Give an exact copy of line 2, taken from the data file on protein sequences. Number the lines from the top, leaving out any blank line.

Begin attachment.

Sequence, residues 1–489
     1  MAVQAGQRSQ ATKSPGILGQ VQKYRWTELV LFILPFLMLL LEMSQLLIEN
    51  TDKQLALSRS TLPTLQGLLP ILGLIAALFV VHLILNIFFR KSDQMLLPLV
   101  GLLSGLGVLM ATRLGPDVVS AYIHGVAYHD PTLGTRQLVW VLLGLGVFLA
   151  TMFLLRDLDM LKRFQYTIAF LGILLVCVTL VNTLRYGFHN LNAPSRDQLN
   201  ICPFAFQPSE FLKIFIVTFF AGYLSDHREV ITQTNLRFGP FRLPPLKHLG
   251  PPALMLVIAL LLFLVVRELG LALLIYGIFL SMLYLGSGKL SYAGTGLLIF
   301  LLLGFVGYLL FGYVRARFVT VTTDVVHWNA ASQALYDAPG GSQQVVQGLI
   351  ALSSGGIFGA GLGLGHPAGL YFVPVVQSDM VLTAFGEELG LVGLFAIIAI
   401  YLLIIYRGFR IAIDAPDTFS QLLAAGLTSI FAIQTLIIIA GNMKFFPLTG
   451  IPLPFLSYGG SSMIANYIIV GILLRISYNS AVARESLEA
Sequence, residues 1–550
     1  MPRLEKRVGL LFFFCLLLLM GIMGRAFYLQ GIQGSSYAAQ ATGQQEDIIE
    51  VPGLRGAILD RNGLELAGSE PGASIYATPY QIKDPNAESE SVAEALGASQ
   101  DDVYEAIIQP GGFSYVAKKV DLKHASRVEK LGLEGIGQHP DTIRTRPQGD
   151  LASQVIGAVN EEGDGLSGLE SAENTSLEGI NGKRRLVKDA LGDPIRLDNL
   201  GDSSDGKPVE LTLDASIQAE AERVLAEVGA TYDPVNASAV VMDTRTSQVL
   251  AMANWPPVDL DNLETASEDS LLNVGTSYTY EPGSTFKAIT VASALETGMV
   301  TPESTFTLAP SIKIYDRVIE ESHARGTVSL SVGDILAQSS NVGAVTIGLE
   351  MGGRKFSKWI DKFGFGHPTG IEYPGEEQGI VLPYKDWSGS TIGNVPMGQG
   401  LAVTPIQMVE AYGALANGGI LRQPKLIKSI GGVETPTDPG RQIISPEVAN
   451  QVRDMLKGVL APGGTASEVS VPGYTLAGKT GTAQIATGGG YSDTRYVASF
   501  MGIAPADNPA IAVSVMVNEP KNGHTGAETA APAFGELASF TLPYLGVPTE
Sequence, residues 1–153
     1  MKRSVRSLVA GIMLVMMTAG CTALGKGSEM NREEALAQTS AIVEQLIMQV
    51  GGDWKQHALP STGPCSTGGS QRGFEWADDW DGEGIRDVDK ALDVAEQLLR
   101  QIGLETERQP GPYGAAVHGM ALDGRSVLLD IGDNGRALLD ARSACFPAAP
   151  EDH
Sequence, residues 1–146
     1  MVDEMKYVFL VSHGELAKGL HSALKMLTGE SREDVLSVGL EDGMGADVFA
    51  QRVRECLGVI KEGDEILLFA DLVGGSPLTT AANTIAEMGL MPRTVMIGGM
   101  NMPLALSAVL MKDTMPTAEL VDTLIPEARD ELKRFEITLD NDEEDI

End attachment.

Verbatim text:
     1  MAVQAGQRSQ ATKSPGILGQ VQKYRWTELV LFILPFLMLL LEMSQLLIEN